in particular is divergence-free supported in , with vortex lines connecting to . Suppose for contradiction that we have a smooth solution to (1) with this initial data; to simplify the discussion we assume that the solution behaves well at spatial infinity (this can be justified with the choice (2) of vorticity-stream operator, but we will not do so here). Since the domains disconnect from at time , there must exist a time which is the first time where the support of touches the boundary of , with supported in .

From (1) we see that the support of is transported by the velocity field . Thus, at the point of contact of the support of with the boundary of , the inward component of the velocity field cannot exceed the inward velocity of . We will construct the functions so that this is not the case, leading to the desired contradiction. (Geometrically, what is going on here is that the operator is pinching the flow to pass through the narrow cylinder , leading to a singularity by time at the latest.)

First we observe from conservation of circulation, and from the fact that is supported in , that the integrals

are constant in both space and time for . From the choice of initial data we thus have

for all and all . On the other hand, if is of the form (2) with for some bump function that only has -components, then is divergence-free with mean zero, and

where . We choose to be supported in the slab for some large constant , and to equal a function depending only on on the cylinder , normalised so that . If , then passes through this cylinder, and we conclude that

Inserting ths into (2), (1) we conclude that

for some coefficients . We will not be able to control these coefficients , but fortunately we only need to understand on the boundary , for which . So, if happens to be supported on an annulus , then vanishes on if is large enough. We then have

on the boundary of .

Let be a function of the form

where is a bump function supported on that equals on . We can perform a dyadic decomposition where

where is a bump function supported on with . If we then set

then one can check that for a function that is divergence-free and mean zero, and supported on the annulus , and

so on (where ) we have

One can manually check that the inward velocity of this vector on exceeds the inward velocity of if is large enough, and the claim follows.

Remark 2The type of blowup suggested by this construction, where a unit amount of circulation is squeezed into a narrow cylinder, is of “Type II” with respect to the Navier-Stokes scaling, because Navier-Stokes-critical norms such (or at least ) look like they stay bounded during this squeezing procedure (the velocity field is of size about in cylinders of radius and length about ). So even if the various issues with are repaired, it does not seem likely that this construction can be directly adapted to obtain a corresponding blowup for a Navier-Stokes type equation. To get a “Type I” blowup that is consistent with Kelvin’s circulation theorem, it seems that one needs to coil the vortex lines around a loop multiple times in order to get increased circulation in a small space. This seems possible to pull off to me – there don’t appear to be any unavoidable obstructions coming from topology, scaling, or conservation laws – but would require a more complicated construction than the one given above.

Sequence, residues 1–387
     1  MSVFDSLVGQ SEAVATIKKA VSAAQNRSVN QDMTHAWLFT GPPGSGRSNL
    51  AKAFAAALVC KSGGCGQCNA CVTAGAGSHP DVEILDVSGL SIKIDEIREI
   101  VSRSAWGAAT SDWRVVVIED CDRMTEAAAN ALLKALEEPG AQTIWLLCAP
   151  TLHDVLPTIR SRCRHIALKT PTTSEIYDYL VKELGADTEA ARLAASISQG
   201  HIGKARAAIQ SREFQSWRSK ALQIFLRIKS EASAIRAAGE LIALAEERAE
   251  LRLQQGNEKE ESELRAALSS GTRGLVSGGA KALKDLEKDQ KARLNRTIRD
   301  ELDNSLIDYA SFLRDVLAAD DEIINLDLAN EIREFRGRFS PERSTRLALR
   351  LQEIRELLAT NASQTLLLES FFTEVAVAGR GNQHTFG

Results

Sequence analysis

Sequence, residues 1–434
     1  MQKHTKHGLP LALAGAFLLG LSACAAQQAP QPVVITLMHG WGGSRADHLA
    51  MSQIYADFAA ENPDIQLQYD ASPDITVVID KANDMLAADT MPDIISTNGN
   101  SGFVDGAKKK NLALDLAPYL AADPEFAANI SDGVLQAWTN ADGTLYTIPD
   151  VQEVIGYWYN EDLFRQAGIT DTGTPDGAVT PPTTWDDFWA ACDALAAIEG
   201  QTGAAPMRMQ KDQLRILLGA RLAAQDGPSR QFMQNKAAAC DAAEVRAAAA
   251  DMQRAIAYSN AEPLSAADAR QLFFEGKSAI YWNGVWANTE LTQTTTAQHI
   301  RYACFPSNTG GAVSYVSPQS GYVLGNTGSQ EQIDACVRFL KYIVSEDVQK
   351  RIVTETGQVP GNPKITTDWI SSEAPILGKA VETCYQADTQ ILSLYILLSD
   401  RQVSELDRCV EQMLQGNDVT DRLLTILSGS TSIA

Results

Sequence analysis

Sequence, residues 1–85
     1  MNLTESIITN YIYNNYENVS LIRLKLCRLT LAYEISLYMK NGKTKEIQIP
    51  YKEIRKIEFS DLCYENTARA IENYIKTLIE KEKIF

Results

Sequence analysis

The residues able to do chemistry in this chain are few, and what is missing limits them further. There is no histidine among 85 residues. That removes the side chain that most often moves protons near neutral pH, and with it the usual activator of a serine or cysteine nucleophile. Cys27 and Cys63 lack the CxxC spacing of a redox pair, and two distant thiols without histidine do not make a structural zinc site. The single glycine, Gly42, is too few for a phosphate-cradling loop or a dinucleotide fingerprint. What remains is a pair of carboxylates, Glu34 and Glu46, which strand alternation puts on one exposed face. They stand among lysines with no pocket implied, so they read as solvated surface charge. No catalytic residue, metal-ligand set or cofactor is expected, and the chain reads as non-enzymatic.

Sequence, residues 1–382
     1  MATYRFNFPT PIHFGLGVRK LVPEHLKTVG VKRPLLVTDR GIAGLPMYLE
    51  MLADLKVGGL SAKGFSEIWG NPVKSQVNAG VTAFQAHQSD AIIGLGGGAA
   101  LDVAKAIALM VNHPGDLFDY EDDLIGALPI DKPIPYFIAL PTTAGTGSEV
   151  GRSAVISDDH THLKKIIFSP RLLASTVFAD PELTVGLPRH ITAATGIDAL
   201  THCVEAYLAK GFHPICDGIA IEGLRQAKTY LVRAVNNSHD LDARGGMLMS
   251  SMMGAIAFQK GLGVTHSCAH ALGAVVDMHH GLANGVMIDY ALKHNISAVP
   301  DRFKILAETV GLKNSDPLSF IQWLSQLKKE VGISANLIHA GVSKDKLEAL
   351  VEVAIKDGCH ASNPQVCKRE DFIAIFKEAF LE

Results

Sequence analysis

Throughout this post, we will work only at the *formal* level of analysis, ignoring issues of convergence of integrals, justifying differentiation under the integral sign, and so forth. (Rigorous justification of the conservation laws and other identities arising from the formal manipulations below can usually be established in an *a posteriori* fashion once the identities are in hand, without the need to rigorously justify the manipulations used to come up with these identities).

It is a remarkable fact in the theory of differential equations that many of the ordinary and partial differential equations that are of interest (particularly in geometric PDE, or PDE arising from mathematical physics) admit a variational formulation; thus, a collection of one or more fields on a domain taking values in a space will solve the differential equation of interest if and only if is a critical point to the functional

involving the fields and their first derivatives , where the Lagrangian is a function on the vector bundle over consisting of triples with , , and a linear transformation; we also usually keep the boundary data of fixed in case has a non-trivial boundary, although we will ignore these issues here. (We also ignore the possibility of having additional constraints imposed on and , which require the machinery of Lagrange multipliers to deal with, but which will only serve as a distraction for the current discussion.) It is common to use local coordinates to parameterise as and as , in which case can be viewed locally as a function on .

Example 1 (Geodesic flow)Take and to be a Riemannian manifold, which we will write locally in coordinates as with metric for . A geodesic is then a critical point (keeping fixed) of the energy functionalor in coordinates (ignoring coordinate patch issues, and using the usual summation conventions)